Google 'Translate' app offers offline translations, conversation mode
By ANI | Published: 13th September 2017 02:42 PM |
NEW DELHI: In an effort to bring down language barriers, Google on Wednesday announced several updates to its Translate App. Starting today, users in Bengali, Gujarati, Kannada, Marathi, Tamil, Telugu, and Urdu can experience offline translations and instant visual translation in their preferred language.
Google Translate has also added support for conversation mode in regional languages including Bengali and Tamil.
Conversation mode is a feature that lets users have a bilingual conversation with someone, simply by talking to the Google Translate app. To activate, simply tap the mic to start speaking in a selected language, then tap the mic again, and the Google Translate app will automatically recognize which of the two languages are being spoken, letting you have a fluid conversation.
With Google Translate, users can easily turn their phone into a powerful translation tool, whether for studies, business, travel or work. Offline support enables Indian language users to translate a word or sentence even when they are not connected to the internet.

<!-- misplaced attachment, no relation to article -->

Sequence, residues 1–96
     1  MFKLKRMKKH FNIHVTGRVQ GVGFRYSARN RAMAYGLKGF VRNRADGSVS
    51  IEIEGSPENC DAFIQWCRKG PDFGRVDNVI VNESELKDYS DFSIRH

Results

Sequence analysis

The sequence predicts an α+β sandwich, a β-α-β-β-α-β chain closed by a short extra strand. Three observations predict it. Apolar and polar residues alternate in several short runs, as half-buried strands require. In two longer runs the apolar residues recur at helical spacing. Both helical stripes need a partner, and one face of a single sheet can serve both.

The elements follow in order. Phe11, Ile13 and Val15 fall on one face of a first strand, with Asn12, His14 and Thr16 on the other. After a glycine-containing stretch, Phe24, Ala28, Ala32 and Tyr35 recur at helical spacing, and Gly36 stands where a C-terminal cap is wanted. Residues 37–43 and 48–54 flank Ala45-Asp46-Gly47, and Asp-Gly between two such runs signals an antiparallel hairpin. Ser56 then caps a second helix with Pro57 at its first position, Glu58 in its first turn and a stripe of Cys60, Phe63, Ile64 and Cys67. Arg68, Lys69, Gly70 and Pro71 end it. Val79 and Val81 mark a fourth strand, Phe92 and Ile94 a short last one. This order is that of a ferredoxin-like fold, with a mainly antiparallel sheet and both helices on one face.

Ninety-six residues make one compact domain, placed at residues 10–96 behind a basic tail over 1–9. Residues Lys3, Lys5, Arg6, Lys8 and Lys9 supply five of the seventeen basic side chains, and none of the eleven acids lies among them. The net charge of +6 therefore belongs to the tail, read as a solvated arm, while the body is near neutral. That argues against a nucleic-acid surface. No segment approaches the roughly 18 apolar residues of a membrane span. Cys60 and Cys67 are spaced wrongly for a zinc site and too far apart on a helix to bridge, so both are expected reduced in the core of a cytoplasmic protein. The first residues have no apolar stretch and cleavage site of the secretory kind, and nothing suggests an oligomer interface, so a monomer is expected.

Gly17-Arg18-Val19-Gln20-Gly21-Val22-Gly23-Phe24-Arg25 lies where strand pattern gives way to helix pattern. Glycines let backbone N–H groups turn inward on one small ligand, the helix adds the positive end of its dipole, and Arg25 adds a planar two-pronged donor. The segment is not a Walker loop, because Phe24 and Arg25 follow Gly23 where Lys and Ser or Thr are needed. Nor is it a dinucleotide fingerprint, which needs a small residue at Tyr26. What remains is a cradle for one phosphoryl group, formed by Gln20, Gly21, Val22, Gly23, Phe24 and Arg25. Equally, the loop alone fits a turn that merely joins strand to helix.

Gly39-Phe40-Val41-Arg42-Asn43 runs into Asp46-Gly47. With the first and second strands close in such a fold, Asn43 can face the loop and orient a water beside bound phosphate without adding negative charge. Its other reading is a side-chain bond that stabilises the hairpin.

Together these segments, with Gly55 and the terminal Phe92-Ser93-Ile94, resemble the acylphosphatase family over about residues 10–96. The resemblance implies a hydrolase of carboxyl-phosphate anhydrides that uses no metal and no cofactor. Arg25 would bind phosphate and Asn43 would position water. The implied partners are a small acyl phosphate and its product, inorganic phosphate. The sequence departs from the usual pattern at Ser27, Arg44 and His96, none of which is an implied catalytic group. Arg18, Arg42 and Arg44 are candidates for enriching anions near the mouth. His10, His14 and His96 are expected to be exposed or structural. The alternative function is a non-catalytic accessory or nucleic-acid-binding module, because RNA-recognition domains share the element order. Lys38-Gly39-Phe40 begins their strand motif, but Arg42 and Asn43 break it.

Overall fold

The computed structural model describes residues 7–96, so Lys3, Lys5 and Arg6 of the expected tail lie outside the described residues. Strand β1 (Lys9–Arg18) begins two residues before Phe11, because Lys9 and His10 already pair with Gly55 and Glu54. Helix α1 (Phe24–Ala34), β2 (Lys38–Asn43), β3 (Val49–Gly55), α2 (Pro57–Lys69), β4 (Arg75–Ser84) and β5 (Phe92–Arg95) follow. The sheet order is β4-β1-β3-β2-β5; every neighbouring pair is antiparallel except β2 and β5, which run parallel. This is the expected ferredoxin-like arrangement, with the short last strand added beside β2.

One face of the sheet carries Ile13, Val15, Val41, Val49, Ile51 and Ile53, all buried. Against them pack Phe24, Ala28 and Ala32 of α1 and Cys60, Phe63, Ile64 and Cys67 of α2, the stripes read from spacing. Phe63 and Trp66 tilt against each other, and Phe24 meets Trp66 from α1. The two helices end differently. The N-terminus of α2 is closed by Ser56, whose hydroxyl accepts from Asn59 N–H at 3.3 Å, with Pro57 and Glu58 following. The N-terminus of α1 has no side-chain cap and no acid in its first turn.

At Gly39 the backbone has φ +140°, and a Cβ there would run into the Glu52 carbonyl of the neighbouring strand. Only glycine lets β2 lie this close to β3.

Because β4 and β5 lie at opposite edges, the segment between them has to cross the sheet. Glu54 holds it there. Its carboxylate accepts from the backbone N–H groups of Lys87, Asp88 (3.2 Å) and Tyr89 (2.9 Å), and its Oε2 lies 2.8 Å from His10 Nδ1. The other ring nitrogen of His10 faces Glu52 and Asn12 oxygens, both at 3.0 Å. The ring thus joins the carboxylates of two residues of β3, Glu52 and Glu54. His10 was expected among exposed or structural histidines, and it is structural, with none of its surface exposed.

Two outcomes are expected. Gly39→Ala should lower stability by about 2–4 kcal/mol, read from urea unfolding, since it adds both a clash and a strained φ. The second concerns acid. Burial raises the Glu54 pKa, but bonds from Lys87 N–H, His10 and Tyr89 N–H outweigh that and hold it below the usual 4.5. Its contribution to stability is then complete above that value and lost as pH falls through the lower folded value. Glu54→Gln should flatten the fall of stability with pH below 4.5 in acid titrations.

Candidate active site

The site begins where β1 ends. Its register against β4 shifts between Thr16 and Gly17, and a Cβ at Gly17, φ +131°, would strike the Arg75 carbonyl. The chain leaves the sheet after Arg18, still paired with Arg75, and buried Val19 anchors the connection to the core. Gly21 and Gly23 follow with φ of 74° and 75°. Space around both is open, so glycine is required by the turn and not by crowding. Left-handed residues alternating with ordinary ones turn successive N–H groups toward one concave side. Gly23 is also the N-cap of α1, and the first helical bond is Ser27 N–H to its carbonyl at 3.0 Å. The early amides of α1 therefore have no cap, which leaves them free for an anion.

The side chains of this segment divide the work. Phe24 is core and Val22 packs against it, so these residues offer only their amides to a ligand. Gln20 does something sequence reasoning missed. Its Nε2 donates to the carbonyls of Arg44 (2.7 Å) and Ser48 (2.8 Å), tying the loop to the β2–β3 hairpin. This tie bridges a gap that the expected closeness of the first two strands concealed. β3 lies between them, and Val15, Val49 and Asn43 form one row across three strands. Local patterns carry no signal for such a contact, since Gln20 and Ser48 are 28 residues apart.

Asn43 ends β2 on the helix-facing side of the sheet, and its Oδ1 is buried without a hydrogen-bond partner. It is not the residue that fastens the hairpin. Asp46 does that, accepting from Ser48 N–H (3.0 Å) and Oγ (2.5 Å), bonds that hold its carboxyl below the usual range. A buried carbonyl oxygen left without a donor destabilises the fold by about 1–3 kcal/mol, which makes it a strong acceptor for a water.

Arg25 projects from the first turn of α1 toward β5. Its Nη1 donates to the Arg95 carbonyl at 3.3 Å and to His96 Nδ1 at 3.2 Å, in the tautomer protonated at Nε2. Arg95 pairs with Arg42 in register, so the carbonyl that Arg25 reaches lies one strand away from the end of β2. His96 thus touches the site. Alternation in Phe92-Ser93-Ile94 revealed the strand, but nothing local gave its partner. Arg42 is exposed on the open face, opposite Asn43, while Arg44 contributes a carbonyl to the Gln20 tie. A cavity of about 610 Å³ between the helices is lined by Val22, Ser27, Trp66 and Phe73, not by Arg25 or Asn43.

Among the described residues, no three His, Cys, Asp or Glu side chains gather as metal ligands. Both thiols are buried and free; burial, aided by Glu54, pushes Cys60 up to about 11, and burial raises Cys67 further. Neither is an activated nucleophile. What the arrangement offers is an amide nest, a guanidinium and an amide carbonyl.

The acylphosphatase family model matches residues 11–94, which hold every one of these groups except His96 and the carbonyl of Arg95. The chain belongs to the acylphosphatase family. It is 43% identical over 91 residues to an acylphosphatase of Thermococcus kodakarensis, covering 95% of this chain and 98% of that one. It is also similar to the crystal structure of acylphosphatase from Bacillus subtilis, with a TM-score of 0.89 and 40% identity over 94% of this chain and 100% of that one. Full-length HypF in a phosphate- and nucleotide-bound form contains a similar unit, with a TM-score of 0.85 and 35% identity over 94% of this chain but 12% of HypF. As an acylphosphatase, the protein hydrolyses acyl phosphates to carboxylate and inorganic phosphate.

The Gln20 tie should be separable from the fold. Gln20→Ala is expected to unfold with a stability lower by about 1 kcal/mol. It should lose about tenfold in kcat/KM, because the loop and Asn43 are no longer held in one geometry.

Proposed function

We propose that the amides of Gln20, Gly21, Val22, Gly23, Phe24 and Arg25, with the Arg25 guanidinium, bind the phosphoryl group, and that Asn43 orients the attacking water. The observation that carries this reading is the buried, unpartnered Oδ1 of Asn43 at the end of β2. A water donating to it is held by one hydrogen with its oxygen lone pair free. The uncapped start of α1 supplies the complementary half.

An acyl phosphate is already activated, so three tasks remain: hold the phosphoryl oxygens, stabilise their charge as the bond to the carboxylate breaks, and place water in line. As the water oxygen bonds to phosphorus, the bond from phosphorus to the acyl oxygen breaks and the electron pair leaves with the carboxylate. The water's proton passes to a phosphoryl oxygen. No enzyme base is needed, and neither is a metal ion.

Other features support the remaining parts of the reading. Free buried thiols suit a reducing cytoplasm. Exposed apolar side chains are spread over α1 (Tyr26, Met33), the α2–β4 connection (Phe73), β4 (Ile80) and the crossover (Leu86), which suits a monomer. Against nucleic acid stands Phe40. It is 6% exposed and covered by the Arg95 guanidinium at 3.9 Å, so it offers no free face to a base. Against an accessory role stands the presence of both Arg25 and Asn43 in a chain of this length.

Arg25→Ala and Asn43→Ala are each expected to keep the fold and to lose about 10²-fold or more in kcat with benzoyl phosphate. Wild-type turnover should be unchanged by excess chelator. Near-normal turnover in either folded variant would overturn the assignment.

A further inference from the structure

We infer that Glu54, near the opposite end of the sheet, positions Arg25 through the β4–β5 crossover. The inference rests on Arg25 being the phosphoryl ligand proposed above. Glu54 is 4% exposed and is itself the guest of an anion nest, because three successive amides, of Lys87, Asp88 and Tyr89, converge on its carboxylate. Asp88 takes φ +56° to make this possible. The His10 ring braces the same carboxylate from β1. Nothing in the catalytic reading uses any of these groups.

To make use of offline translations capabilities, you will need to download the specific language pack from the Translate app when connected to the internet. Just open the Translate app, make the language choice on either side of the screen and then tap the download button. To translate between two languages offline, you’ll need to download both language packs.
The Translate app already lets the user use camera mode to snap a photo of English text and get a translation for it in these languages. Now with Word Lens feature, Google has taken it to next level letting users instantly translate text using their camera—so it’s way easier for speakers of local Indian languages to understand English street signs in the city or decide what to order from a restaurant menu. Word Lens is powered by machine learning, using computer vision to distinguish between letters on an image.
To get started, open the Translate app, point your camera at an English sign or text and you’ll see the translated text in your language overlaid on your screen—even if you don't have an Internet or data connection.
All features announced today are already available in Hindi on the Google Translate app, and have started to roll out in the additional Indian languages both on Android and iOS.
Google also recently announced voice input support for eight additional Indian languages, including Bengali, Gujarati, Kannada, Malayalam, Marathi, Tamil, Telugu, and Urdu. With these new announcements, Google reaffirms their commitment to enable more Indian users to access information around them using their own language.